Objective Platelet aggregometry was used to discriminate platelet sensitivity to prostaglandin E, (PGE.) inhibition, to evaluate whether platelet behaviour in pre-eclamptic women was different in this respect than from that in nonproteinuric hypertensive women.
Methods The amount of PGE1 required to inhibit in vitro platelet aggregation induced by arachidonic acid was determined in samples from 60 women: 20 nonpregnant controls, 20 women with normal pregnancies, 10 women with gestational hypertension and 10 with pre-eclampsia.
Results The response to arachidonic acid was similar among the four groups. Amounts of PGE1 necessary to inhibit platelet aggregation were significantly higher in normal pregnant women compared with nonpregnant controls (P < 0.001). Platelets from pre-eclamptic women required significantly higher concentrations of PGE, to inhibit aggregation than the other groups studied (P < 0.001). However, there was no significant difference between normal and nonproteinuric hypertensive pregnant women.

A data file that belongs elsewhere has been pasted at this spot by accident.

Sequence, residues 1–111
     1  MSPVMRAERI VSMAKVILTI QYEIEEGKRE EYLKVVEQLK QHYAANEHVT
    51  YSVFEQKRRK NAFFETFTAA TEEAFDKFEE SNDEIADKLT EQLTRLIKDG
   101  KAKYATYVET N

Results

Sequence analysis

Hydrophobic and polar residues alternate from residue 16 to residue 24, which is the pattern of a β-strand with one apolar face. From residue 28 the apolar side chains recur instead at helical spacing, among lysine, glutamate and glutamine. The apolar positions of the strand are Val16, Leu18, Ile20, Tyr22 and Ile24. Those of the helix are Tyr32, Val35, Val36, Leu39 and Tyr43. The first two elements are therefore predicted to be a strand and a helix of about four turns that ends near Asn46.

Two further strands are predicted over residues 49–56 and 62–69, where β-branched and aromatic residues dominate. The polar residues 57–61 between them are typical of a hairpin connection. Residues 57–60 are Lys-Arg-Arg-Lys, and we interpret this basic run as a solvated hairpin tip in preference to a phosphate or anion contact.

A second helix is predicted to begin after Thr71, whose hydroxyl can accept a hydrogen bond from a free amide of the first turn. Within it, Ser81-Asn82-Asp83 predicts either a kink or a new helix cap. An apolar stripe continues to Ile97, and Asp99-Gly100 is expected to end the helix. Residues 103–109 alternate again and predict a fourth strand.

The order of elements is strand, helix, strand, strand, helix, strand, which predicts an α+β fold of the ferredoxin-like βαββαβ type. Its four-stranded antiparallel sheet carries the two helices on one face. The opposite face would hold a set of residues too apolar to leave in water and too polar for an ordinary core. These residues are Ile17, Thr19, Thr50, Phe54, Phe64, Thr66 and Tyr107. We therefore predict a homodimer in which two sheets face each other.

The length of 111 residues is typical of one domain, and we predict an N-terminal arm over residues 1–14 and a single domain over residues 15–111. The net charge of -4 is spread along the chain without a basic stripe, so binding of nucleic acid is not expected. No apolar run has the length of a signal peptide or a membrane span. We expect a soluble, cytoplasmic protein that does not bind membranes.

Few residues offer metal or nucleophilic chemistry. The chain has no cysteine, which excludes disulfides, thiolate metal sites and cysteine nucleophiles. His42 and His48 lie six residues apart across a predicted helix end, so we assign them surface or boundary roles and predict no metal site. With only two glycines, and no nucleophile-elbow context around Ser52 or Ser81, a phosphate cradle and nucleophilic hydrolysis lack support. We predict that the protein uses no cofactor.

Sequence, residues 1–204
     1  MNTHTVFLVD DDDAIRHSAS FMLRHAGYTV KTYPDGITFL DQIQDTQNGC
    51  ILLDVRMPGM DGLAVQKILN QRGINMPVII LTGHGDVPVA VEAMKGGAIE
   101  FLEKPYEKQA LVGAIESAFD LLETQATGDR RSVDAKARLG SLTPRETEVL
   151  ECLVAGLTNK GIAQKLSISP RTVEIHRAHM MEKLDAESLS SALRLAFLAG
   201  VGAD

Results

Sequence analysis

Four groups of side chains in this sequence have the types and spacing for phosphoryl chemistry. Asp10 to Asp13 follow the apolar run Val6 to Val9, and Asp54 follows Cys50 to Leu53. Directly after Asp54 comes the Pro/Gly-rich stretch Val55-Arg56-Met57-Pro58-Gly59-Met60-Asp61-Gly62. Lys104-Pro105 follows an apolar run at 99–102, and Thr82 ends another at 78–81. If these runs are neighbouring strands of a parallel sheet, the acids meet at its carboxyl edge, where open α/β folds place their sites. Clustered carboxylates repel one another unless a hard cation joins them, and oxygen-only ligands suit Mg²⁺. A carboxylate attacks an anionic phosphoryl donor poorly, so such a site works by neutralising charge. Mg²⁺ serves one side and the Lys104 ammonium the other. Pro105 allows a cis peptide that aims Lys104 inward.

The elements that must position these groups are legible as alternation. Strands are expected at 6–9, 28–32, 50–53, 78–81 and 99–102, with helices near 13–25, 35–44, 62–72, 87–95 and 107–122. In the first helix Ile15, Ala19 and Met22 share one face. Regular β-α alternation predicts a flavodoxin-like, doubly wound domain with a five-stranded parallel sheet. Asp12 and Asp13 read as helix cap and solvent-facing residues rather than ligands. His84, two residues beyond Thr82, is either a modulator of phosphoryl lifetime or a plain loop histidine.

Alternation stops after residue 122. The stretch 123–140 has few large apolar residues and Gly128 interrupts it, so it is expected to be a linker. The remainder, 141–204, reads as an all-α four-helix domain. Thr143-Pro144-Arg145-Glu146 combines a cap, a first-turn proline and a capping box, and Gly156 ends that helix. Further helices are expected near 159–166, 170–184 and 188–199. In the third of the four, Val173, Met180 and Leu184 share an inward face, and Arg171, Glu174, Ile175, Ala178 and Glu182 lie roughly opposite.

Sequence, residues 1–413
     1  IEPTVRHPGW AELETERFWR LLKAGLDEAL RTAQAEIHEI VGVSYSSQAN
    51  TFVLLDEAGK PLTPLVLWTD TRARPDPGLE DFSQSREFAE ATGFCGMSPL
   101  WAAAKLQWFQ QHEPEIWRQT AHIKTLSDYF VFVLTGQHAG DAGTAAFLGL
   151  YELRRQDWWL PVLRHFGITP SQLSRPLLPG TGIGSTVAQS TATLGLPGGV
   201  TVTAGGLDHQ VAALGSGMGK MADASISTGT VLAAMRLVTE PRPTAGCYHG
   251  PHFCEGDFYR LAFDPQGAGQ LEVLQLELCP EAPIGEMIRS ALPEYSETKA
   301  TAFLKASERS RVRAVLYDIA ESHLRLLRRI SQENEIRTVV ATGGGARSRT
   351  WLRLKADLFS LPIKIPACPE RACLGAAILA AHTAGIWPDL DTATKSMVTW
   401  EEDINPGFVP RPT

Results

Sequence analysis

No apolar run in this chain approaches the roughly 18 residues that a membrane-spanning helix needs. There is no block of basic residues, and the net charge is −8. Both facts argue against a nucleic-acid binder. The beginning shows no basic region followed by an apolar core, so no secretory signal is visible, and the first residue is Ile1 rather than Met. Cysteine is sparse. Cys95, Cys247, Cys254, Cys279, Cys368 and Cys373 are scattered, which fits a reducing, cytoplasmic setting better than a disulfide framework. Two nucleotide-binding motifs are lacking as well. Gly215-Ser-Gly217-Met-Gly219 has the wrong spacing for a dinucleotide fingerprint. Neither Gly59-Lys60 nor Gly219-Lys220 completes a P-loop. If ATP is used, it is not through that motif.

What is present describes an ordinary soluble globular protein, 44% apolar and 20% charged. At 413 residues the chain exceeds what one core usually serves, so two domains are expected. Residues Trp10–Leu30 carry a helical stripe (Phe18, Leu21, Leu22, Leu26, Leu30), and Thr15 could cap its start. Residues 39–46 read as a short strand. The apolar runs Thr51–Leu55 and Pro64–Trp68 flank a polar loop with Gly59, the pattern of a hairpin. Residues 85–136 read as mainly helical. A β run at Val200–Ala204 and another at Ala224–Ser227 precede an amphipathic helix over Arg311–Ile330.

Conclusions Our findings support the notion that increased platelet reactivity during late pregnancy is exacerbated in pre-eclamptic women but not in nonproteinuric hypertensive women. This is in agreement with the hypothesis that pre-eclampsia and gestational hypertension are different conditions. Prospective studies are required to confirm if this simple test may be useful in the early identification of pregnant women at risk for pre-eclampsia.